The Adventures of Hajji Baba

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The Adventures of Hajji Baba
File:The Adventures of Hajji Baba movie poster.jpg
Directed by Don Weis
Produced by Walter Wanger
Written by Richard Collins
Based on Hajji Baba 
by James Justinian Morier
Starring John Derek
Elaine Stewart
Thomas Gomez
Music by Dimitri Tiomkin
Cinematography Harold Lipstein
Edited by William Austin
Distributed by 20th Century Fox
Release dates
  • October 1, 1954 (1954-10-01)
Running time
94 minutes
Country United States
Language English
Budget $816,813[1]
Box office $2,019,100[1]

The Adventures of Hajji Baba is an American film, released on October 1, 1954. Made in Southern California, it stars John Derek and Elaine Stewart. In the credits it states that the film is suggested by The Adventures of Hajji Baba of Ispahan by James Justinian Morier (3 vols., London, 1824).[2]


In Ispahan, Persia, a barber named Hajji Baba (John Derek) is leaving his father's shop to find a great fortune. At the same time the Princess Fawzia (Elaine Stewart) is trying to talk her father into giving her in marriage to Nur-El-Din (Paul Picerni) a prince known far and wide. Her father intends for Fawzia to marry a friend and ally, and makes plans to send her to him. But a courier brings word from Nur-El-Din that an escort awaits Fawzia on the outskirts of the city and she escapes the palace disguised as a boy. Hajji encounters the escort-warrior at the rendezvous spot, is attacked and beats up the escort with his barber's tools. The princess arrives and mistakes Hajji as the escort until he mistakes the emerald ring sent by Nur-El-Din to Fawzia as the prize to be delivered. In her efforts to escape him, her turban becomes unbound and Hajji realizes that the girl herself is the treasure Nur-El-Din awaits. Hajji promises to escort her and they spend the night with the caravan of Osman Aga (Thomas Gomez), who invites them to stay for the dancing girls, among them, the incomparable Ayesha (Rosemarie Bowe). The pair are overtaken by the Caliph's (Donald Randolph) guards sent to bring Fawzia back, but the guards are driven off by an invading army of Turcoman women, a band of fierce and beautiful women who prey on passing merchants.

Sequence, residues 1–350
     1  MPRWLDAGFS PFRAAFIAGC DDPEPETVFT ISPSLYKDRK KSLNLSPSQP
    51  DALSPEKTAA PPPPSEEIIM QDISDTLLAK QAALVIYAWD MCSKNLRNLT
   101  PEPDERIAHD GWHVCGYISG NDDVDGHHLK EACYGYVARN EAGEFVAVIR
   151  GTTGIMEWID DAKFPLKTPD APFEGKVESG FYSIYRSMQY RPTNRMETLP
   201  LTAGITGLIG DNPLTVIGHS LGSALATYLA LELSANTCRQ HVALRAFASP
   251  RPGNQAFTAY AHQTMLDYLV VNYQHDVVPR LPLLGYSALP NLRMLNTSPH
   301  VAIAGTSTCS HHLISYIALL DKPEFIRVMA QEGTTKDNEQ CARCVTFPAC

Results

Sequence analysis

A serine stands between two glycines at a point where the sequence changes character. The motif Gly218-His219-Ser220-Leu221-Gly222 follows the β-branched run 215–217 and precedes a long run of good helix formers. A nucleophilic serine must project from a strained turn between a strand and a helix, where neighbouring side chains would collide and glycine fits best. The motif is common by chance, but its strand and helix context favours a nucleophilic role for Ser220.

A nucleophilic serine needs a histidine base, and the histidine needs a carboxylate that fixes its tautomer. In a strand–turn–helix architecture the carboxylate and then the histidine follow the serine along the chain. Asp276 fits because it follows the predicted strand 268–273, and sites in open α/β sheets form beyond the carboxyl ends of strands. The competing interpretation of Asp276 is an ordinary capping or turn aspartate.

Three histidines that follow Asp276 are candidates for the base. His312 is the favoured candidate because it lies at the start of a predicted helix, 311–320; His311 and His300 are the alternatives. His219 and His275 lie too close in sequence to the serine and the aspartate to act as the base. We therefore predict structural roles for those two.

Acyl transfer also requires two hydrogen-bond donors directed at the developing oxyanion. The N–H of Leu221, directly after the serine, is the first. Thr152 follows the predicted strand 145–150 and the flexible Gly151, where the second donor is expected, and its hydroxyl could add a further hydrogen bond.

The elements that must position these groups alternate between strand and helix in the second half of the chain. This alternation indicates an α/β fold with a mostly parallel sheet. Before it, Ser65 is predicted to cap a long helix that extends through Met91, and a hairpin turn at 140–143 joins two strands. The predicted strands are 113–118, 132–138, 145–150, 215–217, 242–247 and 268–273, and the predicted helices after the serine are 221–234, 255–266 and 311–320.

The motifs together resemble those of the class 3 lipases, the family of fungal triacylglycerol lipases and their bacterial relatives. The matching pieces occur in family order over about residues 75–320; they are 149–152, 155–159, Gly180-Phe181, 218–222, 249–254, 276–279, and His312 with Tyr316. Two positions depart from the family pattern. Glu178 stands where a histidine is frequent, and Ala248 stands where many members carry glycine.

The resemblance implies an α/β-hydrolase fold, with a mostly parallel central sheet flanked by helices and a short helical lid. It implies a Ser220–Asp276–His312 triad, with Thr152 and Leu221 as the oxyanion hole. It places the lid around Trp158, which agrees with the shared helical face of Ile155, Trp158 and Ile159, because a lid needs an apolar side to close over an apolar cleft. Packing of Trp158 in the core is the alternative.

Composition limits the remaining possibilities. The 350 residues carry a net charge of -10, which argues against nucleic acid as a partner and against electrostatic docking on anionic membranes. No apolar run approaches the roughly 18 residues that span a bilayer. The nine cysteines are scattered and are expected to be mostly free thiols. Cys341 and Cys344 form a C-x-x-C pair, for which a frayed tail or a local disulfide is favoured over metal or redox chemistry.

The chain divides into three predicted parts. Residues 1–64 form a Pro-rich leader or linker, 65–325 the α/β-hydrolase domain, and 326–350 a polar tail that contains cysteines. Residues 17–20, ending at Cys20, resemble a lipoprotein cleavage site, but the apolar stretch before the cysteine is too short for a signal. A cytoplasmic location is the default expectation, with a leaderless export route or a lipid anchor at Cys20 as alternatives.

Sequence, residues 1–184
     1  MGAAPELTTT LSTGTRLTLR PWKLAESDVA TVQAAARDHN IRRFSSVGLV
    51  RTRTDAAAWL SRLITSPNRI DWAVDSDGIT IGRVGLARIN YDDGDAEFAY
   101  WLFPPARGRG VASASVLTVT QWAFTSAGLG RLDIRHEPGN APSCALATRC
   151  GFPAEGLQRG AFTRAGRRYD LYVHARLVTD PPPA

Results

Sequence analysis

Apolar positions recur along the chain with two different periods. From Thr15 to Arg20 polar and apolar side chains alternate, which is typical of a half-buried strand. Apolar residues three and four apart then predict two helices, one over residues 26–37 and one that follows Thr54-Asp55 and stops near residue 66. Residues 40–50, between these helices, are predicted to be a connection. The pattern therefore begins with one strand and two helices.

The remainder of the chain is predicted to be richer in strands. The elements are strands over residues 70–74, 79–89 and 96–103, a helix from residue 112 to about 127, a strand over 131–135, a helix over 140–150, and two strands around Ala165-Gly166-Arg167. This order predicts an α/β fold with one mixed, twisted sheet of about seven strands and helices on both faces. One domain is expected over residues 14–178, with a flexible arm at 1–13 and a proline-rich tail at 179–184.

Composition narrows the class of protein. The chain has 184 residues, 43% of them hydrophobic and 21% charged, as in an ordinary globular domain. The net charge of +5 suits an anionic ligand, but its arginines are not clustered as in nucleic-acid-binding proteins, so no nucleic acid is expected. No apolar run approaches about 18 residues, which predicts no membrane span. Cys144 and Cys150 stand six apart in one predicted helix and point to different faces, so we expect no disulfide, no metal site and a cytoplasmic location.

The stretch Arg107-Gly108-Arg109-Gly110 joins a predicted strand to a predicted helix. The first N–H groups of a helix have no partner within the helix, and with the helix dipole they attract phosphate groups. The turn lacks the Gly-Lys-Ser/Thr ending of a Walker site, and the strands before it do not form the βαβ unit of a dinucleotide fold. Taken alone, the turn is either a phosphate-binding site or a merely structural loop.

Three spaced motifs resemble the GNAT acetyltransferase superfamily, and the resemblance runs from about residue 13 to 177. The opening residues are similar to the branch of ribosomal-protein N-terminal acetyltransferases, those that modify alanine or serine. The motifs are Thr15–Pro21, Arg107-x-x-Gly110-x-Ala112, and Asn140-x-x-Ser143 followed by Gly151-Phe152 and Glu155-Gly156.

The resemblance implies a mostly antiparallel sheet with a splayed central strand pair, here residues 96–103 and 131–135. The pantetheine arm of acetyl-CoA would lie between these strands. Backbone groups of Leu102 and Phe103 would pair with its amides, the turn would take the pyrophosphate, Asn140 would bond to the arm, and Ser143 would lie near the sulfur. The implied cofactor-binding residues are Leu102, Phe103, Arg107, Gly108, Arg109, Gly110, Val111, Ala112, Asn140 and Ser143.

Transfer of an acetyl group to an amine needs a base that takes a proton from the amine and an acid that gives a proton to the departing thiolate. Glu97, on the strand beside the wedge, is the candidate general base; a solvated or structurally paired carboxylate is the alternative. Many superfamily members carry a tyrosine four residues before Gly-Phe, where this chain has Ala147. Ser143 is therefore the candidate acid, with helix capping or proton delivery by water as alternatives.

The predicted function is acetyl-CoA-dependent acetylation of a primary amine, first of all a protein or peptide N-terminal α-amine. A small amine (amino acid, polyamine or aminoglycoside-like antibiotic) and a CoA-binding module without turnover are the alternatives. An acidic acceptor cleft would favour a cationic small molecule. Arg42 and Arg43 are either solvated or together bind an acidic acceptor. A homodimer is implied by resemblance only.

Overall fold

The film was a hit and made a profit of $673,593.[1]

DVD unavailability

This movie has maintained little popularity, and is not available on DVD, although it is occasionally shown on Turner Classic Movies. It had a small release on VHS.



  1. 1.0 1.1 1.2 Matthew Bernstein, Walter Wanger: Hollywood Independent, Minnesota Press, 2000 p445

External links